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Quartz Daily Brief—Twitter’s IPO, Taliban’s new leader, US economic growth, Lady Gaga’s space gig

Good morning, Quartz readers!

What to watch for today

A nuclear deal with Iran. Two-day talks in Geneva over Iran’s nuclear facilities draw to a close. The six world powers are expected to have offered Iran some relief from sanctions if the country agrees to stop developing its nuclear program.

A sluggish US jobs market. The US is expected to add around 120,000 paid jobs, its weakest growth since March—but could take an even bigger hit from the recent government shutdown. The unemployment rate is expected to rise a notch. Consumer confidence data, key to the holiday shopping season, come out too.

Is Telefónica ripe for takeover? Even though the Spanish telco’s stock has climbed about 20% since August, analysts expect earnings per share to fall 26% from last year on 10.5% lower revenues. Investors will be watching for hints of a potential takeover by AT&T, though that’s starting to look less likely.

Super Typhoon Haiyan hits land. Having already maxed out the scale that measures storm strength, Haiyan is expected to hit the Philippines today. Evacuations have been ordered across the country’s east coast in preparation for what could be the strongest storm ever witnessed.

While you were sleeping

Twitter went public. The seven-year-old company started trading on the New York Stock Exchange at $45.10 per share—73% above the price of $26 set the previous day and valuing the company at $31.34 billion. But investors who bought at the opening price had lost a little money by day’s end.

The Pakistani Taliban named a hardline leader. Mullah Fazlullah will take over after Hakimullah Mehsud was killed in a drone strike last week. Fazlullah, who ordered the shooting of schoolgirl Malala Yousafzai, is said to have already rejected peace talks from the Pakistani government.

The US economy surprised everyone. GDP grew 2.8% in the third quarter, the fastest pace in a year, comfortably beating expectations. However, it was boosted by businesses stocking up on inventory, which could mean the rise is just a blip—unless holiday shoppers buy it all.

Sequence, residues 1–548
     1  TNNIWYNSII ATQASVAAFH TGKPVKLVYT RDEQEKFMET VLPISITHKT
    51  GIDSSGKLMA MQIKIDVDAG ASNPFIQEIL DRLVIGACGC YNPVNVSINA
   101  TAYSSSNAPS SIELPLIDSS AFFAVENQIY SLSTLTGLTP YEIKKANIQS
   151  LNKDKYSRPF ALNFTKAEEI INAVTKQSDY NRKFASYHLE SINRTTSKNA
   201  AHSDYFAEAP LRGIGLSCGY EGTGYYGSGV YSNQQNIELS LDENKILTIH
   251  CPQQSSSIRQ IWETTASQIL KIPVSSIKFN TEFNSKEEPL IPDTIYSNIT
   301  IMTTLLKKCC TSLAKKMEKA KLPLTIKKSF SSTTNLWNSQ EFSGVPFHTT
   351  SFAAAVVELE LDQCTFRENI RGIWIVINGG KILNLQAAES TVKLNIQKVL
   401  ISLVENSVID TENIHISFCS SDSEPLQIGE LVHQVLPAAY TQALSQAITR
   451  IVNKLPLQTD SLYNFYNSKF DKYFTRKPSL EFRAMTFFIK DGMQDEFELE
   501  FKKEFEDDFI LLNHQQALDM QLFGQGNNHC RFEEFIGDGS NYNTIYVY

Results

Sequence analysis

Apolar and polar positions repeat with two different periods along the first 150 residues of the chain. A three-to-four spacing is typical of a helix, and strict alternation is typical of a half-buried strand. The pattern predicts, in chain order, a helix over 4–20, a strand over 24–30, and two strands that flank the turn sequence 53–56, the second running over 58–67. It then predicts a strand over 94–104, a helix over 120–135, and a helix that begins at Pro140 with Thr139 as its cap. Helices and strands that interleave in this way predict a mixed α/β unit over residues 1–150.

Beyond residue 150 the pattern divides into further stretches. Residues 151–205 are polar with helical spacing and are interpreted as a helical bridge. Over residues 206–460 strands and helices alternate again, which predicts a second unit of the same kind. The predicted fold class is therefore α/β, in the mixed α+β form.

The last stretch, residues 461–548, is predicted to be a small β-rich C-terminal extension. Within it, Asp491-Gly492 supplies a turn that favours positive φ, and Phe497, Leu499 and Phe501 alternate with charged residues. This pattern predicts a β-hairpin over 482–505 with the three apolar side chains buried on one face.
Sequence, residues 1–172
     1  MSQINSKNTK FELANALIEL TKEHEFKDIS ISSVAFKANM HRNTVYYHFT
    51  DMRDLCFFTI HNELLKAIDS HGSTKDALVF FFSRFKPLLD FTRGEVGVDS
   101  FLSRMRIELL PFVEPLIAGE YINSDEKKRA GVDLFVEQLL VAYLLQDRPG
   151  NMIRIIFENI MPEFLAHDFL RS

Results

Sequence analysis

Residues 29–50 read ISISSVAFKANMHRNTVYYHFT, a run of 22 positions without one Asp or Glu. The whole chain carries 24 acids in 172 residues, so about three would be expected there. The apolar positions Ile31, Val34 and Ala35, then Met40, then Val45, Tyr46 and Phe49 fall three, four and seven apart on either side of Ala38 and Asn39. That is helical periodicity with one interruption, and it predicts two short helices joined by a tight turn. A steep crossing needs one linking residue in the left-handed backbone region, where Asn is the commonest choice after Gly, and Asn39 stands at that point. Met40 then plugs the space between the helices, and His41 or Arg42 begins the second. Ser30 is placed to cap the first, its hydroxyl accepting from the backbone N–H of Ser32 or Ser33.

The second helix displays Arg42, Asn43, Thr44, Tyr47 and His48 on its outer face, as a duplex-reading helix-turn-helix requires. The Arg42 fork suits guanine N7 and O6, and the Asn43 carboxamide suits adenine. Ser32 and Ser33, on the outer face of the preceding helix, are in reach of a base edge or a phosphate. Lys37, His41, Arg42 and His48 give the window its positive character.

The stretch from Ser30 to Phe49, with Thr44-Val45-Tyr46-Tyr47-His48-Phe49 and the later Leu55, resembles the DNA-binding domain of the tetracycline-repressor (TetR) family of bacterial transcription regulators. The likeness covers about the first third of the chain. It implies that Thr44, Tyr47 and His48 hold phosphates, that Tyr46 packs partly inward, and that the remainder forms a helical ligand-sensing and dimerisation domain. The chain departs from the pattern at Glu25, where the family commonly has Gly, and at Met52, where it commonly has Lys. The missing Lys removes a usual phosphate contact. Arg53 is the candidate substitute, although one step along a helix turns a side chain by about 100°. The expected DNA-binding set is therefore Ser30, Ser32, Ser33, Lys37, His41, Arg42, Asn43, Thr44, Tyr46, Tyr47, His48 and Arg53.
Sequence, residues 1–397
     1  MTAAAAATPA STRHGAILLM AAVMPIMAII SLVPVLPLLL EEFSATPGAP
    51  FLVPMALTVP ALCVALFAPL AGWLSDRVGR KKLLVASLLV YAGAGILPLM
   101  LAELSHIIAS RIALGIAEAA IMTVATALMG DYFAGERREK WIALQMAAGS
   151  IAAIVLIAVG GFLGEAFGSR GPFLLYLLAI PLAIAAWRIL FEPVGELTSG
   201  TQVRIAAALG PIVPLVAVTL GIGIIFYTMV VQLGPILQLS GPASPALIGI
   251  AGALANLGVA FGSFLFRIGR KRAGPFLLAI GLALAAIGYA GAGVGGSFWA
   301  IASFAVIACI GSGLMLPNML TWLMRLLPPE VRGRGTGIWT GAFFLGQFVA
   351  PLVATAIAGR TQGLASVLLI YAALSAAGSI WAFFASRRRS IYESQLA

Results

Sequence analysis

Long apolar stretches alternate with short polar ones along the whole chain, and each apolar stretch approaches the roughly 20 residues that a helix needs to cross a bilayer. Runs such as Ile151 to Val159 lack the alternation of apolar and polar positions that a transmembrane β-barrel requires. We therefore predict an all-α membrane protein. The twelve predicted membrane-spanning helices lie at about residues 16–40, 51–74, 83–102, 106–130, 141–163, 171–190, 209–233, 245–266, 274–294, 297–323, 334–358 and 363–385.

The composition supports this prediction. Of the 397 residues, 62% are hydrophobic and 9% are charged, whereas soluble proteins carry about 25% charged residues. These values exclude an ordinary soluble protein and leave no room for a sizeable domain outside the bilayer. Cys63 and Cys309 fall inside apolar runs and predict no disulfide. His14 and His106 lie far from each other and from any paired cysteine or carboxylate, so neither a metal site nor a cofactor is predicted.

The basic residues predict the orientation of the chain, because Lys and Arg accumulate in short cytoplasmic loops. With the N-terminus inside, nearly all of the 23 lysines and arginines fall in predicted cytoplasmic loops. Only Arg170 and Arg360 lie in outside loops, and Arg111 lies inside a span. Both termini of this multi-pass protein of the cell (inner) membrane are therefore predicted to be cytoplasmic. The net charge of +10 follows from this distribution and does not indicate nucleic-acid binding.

The ECB surprised everyone too. Despite expectations that it would hold steady for at least another month, the European Central Bank cut its benchmark interest rate to a record low of 0.25%, after inflation in the euro zone fell to an almost-four-year low in October.

Europe welcomed gay refugees. Europe’s highest court ruled that gay refugees from countries that jail people for homosexuality are eligible for asylum in all of the EU. The ruling concerned three men from Sierra Leone, Uganda and Senegal who had sought asylum in Holland.

A crackdown on fatty foods. The US Food and Drug Administration took its first step toward banning unhealthy trans fats from the food supply, saying that partially hydrogenated oils—a major source of trans fats—are no longer general recognized as safe.

Quartz obsession interlude

Matt Phillips on Spain’s housing bust and the staggering losses that come with it. “This is a painful process of recognizing an ugly real estate reality: There are far more houses than buyers. The result? Sales of repossessed properties were on average done at prices 71.5% lower than where the houses were originally valued. That means the average price for a house that was originally sold for €100,000 in say, 2006, repossessed and then sold during the first half of 2013, would have brought a price of €28,500.” Read more here.

Matters of debate

Male phone designers are neglecting female users. Large smartphones, designed to be held overhead for photo-taking or used with one hand, don’t work for women.

Small stores will take bitcoin before major retailers do. It’s simpler and cheaper than accepting credit cards, and faster than PayPal.

Computers are making society less equal. Smart software requires training and a certain cognitive ability and training, which widen the digital divide.

A hard line is the only way to bargain with Iran. The only solution is a complete reversal of the Iranian nuclear program, and the world powers should not relax sanctions for anything else.

Central bankers’ language is too confusing. The more they try to explain their thinking, the more confused the markets get.

Surprising discoveries

How not to get arrested. Rule number one: if police can’t see you, they can’t arrest you.

The blockbuster of Blockbusters. San Antonio has more video rental stores than 40 states put together.

World domination: achieved. Lady Gaga will become the first artist to perform in space, scheduled for 2015.

Religion is about sex, not morals. People’s views on sex are more likely to affect their religiosity than their views about lying, cheating and stealing.

Our best wishes for a productive day. Please send any news, comments, old Blockbuster cards and tips for avoiding cops to hi@qz.com. You can follow us on Twitter here for updates during the day.

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